In the leadership course I was struck by a phrase said in class: «It’s not about you. It’s about the others». Servant leadership, making yourself available, being the first to get a slap in the face, creates a spirit of trust that drives the whole team to get involved. In front of big investors I took a lot of slaps and my team thanked me for this! In coaching I had to put myself in the game 360 degrees: here I explored my limits as a person and then as a professional.
What do you mean?
From my experience, I can say that limitations of the professional are closely linked to those of the person. I have always been a good communicator, but emotionally rather closed: in some cases this can become a problem even at work. When you cannot express what you feel, both positive and negative, misunderstandings can arise. This limitation grabbed my attention, which forced me to train this characteristic. The MBA is not a series of courses, which you can acquire by reading books: you have to question yourself in order to start from a more solid base.
In your position, leadership is a fundamental quality: what does it take to be a true leader?
Serving, listening, confronting each other. For some people, dealing with difficult discussions is very complicated. It rather must be done clearly and quickly. We have to be transparent towards ourselves and others. Consequently, you have to deal with these issues every day in order to create a climate of trust, which should not be betrayed. A good leader is a person who is trusted by employees and staff, so they are prepared to do the extra mile.
Your CV is very rich: in which of your experiences do you think the Luiss Business School MBA could have changed your performance?
I think this kind of training would have made a difference in many moments. In my engineering career I have never been involved in business issues. I started university with the idea of finishing as soon as possible, but at the end I found that I didn’t fully like what I had studied.
Competitiveness: do you feel you have trained this soft skill during your time at Luiss Business School?
I am extremely competitive by nature, but not towards others. In the MBA there is no internal competitiveness, but there is a desire to go forward as a unit. The various facets of each person combine to create a single body. You have the opportunity to get the best out of each member of the class.
Many alumni have experienced the value of networking at Luiss Business School. What has been your experience?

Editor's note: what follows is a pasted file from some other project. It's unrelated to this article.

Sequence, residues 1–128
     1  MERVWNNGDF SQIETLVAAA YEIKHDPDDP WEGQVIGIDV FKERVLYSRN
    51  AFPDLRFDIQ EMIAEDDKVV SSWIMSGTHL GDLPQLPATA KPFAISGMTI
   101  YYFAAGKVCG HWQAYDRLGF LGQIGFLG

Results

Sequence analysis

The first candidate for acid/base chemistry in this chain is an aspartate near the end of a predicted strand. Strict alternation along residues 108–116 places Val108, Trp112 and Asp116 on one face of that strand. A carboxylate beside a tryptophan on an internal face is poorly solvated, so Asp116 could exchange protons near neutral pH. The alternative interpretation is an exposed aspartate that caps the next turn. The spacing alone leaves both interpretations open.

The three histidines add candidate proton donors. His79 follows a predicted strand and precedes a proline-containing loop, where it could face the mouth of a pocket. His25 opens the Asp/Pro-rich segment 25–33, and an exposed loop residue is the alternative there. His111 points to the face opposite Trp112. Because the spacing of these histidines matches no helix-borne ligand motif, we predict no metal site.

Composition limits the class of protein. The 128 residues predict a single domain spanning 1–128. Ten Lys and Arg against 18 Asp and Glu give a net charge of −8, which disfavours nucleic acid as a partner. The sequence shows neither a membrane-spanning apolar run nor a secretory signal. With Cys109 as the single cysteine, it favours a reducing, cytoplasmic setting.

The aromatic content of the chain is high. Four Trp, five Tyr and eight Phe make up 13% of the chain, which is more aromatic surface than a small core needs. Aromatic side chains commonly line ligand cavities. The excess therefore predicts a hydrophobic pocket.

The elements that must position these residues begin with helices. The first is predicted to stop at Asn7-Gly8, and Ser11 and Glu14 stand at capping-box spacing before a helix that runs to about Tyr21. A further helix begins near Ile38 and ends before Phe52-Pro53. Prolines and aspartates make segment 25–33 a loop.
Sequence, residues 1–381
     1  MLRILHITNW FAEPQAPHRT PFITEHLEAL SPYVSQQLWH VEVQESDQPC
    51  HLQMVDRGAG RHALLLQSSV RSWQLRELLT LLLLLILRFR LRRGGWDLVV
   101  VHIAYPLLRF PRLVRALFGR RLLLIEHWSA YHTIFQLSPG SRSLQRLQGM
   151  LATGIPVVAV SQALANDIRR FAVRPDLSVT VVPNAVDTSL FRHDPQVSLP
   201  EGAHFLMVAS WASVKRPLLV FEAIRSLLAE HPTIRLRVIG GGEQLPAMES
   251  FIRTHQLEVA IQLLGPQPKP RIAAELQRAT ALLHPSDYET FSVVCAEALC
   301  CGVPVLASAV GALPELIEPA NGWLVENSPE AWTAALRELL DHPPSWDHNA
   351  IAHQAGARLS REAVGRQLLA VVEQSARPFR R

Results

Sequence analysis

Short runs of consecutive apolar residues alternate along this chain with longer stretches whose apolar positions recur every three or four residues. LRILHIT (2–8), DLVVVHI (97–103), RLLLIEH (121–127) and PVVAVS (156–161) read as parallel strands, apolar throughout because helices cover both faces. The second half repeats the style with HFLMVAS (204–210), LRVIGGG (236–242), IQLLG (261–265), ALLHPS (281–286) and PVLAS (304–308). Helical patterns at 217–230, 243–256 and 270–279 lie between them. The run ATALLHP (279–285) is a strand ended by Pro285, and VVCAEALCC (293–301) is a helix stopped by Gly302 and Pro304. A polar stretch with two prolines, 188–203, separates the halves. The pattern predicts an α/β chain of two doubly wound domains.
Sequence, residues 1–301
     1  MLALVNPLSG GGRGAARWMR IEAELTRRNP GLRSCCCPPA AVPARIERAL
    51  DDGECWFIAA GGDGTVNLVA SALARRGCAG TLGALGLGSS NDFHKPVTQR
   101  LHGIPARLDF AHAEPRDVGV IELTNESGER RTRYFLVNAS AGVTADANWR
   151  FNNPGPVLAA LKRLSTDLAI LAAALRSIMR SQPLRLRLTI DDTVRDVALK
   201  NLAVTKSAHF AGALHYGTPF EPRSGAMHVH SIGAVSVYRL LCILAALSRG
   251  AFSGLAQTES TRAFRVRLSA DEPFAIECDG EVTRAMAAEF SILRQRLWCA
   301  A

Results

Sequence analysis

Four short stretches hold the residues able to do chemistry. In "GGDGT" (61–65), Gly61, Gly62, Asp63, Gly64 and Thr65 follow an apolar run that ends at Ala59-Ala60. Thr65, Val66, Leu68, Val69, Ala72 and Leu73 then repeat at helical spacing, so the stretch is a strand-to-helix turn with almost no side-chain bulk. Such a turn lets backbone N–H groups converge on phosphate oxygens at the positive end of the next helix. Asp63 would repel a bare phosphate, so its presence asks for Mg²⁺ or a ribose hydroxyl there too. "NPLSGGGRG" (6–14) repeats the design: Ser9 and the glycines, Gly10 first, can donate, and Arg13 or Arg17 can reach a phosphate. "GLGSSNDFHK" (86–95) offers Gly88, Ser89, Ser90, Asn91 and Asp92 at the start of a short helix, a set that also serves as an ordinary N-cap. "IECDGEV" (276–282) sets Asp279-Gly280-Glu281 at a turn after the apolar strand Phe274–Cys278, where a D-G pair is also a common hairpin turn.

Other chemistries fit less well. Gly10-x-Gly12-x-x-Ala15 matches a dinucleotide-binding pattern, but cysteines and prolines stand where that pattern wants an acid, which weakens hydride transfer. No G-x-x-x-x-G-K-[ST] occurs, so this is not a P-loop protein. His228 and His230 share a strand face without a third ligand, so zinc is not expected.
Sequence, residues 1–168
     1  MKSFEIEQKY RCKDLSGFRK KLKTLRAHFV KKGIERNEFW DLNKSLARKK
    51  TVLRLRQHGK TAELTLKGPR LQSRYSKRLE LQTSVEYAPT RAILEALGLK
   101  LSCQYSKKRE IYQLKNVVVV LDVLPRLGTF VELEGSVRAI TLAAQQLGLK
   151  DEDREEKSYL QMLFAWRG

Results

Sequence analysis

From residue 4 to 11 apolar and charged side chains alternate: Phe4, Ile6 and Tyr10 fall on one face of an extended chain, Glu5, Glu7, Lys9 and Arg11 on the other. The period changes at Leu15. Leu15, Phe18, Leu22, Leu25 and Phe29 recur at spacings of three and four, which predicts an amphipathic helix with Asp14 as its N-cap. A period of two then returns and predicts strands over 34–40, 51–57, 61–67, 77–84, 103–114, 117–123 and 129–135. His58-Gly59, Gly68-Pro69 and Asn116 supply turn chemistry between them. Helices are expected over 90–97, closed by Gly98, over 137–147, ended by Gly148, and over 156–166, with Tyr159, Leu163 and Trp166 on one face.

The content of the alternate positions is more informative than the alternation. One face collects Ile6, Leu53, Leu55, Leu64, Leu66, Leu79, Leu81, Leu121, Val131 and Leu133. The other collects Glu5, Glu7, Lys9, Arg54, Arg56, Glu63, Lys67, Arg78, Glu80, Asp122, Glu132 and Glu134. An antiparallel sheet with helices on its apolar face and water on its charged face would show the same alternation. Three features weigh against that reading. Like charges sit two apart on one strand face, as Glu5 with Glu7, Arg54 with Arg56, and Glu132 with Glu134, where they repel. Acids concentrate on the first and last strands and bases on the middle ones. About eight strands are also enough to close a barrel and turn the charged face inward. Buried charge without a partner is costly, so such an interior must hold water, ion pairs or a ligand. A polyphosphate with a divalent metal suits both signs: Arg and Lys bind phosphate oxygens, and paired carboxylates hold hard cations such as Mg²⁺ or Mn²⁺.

I’m still in the middle of the programme, six months to go. I’ve had contacts with people interested in my start-up Screevo. I launched an initiative, Startup Group, where we organised a call: 60 alumni came forward with innovative ideas.
Pandemic and course: how did you experience distance learning?
Distance learning has its limits. But it is the first time for everyone. The networking experience has suffered, but I am sure there will be opportunities to fill this gap.
What are your plans for the future? Do you think you will go back to training?
The future will be on Screevo. Then I don’t know: I cultivate the dream of fueling my passion for teaching.
Tell us about Screevo.
It is a voice assistant for Industry 4.0. The manufacturing sector has been swept by a wave of digitisation. Operators and technicians, who know how to work with their hands, used to spend more time in front of the computer entering data than in the field solving problems. In fact, after fixing a machine, a report has to be compiled. The idea is that the hands of operators and technicians should once again be free to generate value. That’s why our pay-off is “Free From Typing”. With Screevo you can talk while you work: what you say is automatically transcribed into the customer’s software fields. Screevo remaps what is said and inserts each answer in the specific fields provided by the software. Screevo can also help us to book a trip on the Trenitalia website. I can book a train on Trenitalia’s website using Screevo: it knows which fields to fill in with the answers we give. The start-up won the Boost your ideas competition, launched by Regione Lazio, and gained us admission to the Luiss incubator. During the second week of Luiss & Labs we were contacted by an acceleration programme in California and now we are about to open a second office there.
Open innovation and Millennials: what recipe for creating engagement?
It is important that corporations empower young people at their own risk. At J&J, I was empowered and, despite the fear, I felt involved. A young man with a university degree, with his own ambitions, who thinks he’s going to break the world, and goes to work into an office, where he sees little added value, where he doesn’t feel the pressure of responsibility, quickly disengages. You run away either from pressure or from boredom. That’s where we have to work on: communicate the vision to make them feel part of something.
What are your suggestions for future students and in the classroom on how to fully grasp the opportunities of the Luiss Business School course?
The key to success – and I speak as someone who is going through this journey himself – is the courage to take risks. And this is not something you only do as an entrepreneur. You succeed when you push for change, which takes courage, energy and risk. An MBA student who wants to seize the opportunities of the course must be able to innovate because it is necessary to grow, to change the system, but also the country. To innovate requires courage. You can’t just do it by following the rules. Sometimes it is necessary to know how to move between the rules, and this involves some risks.